Myanmar relents, will attend Bangkok meeting - Don

Myanmar relents, will attend Bangkok meeting - Don

Boats of Acehnese fishermen (in front) tow a boat of Rohingya migrants in their boat off the coast near the city of Geulumpang in Indonesia's East Aceh district of Aceh province before being rescued on May 20. (AFP photo)
Boats of Acehnese fishermen (in front) tow a boat of Rohingya migrants in their boat off the coast near the city of Geulumpang in Indonesia's East Aceh district of Aceh province before being rescued on May 20. (AFP photo)

Myanmar reversed course Wednesday, saying it now likely will attend a regional meeting in Bangkok next week set to address the crisis involving thousands of minority Muslims fleeing the Southeast Asian nation by boat.

Thailand's Deputy Foreign Minister Don Pramudwinai confirmed today that Myanmar has accepted its invitation.

The Myanmar government initially was reluctant to send a representative to the May 29 meeting in Thailand. Last week, Maj Zaw Htay, director of the office of Myanmar's president, says his government will not accept that it is the source of the problem.

Myanmar's Deputy Foreign Minister Thant Kyaw told reporters that "we all have to sit down and we all have to consider how to tackle this problem."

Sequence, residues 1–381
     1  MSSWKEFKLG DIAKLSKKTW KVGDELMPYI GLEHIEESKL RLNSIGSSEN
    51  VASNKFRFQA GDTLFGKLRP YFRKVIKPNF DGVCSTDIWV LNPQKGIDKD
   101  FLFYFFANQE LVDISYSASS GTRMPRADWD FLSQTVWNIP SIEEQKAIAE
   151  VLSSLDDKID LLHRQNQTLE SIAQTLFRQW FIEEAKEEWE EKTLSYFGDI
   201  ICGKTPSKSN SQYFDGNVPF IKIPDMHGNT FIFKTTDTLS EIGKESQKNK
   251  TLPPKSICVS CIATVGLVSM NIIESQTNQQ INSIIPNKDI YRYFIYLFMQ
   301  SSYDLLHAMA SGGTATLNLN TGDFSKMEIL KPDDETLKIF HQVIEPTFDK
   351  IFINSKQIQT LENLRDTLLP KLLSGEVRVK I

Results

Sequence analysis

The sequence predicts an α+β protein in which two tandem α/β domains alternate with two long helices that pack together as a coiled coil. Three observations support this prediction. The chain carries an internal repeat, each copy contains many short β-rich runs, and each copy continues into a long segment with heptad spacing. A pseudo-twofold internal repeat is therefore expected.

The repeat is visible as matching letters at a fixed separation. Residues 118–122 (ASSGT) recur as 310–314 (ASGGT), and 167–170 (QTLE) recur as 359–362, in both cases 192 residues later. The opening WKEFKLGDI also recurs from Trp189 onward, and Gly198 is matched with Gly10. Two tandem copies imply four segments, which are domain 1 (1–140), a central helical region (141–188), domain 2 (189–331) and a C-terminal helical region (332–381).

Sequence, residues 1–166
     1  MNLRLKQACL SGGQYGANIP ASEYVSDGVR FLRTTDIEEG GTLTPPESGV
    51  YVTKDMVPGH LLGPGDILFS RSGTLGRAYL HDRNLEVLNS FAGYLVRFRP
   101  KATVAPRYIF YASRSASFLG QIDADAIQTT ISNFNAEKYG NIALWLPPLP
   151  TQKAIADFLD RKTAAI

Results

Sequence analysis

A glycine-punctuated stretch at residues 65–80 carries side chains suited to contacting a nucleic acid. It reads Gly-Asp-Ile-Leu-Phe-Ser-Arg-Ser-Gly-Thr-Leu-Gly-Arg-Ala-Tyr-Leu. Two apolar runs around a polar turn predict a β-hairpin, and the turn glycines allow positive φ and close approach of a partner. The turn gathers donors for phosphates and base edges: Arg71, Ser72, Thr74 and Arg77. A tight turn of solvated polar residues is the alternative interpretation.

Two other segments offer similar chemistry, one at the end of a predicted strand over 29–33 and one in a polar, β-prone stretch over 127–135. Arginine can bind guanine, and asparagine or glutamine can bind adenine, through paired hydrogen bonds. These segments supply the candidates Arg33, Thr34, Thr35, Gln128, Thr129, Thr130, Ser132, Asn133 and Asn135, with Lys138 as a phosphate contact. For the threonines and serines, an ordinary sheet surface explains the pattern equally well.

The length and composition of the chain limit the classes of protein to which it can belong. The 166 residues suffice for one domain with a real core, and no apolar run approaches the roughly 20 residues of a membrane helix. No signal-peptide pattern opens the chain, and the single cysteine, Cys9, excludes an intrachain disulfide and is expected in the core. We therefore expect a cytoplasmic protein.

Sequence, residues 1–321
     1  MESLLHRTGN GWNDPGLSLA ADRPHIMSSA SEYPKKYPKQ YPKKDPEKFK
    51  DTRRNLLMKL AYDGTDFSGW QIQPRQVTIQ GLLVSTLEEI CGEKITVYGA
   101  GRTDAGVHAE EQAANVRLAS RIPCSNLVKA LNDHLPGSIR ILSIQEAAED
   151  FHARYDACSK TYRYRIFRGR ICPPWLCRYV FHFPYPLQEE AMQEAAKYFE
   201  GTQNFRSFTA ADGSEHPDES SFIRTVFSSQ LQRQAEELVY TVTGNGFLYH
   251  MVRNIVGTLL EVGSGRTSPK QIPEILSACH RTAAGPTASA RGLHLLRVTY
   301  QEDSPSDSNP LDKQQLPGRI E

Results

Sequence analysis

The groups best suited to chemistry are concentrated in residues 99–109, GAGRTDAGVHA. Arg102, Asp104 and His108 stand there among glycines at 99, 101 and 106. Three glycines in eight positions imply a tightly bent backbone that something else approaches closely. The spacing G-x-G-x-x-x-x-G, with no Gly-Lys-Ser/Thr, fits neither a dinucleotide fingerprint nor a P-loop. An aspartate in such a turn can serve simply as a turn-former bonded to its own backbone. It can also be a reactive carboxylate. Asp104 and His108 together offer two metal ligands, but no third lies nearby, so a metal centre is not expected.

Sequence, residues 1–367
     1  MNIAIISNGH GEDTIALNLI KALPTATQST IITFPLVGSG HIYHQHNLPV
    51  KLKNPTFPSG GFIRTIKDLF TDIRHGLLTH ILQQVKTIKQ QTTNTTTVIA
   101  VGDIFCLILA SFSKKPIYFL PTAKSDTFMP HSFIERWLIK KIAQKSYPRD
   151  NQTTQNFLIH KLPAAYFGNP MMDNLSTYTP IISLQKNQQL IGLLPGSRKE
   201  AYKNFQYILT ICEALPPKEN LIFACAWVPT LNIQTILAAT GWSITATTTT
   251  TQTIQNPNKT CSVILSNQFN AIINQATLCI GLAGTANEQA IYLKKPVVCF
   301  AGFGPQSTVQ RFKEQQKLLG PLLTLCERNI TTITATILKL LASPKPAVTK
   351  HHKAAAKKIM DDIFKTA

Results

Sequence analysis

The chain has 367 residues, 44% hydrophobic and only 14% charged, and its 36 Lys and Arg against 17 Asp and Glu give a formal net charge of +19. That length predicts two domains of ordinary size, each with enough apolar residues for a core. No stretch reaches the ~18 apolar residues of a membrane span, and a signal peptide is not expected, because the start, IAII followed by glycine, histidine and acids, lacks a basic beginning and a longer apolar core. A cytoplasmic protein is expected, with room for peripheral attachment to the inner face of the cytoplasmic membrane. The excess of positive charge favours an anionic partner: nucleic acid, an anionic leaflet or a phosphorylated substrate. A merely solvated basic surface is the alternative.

For decades, the minority Muslim Rohingya have suffered from state-sanctioned discrimination in majority-Buddhist Myanmar. Denied citizenship by national law, they are effectively stateless.

Earlier today, Myanmar for the first time offered to help ease the regional migrant crisis, with state media saying the government "shares concerns" expressed by the international community and is "ready to provide humanitarian assistance to anyone who suffered in the sea".

That marked the most conciliatory statement yet from the Myanmar government, which considers Rohingya to be foreigners from neighbouring Bangladesh and disavows all responsibility for them.

In the last three years, attacks on Rohingya have left hundreds dead and sparked an exodus of an estimated 120,000 people who have boarded human traffickers' boats to flee to other countries.


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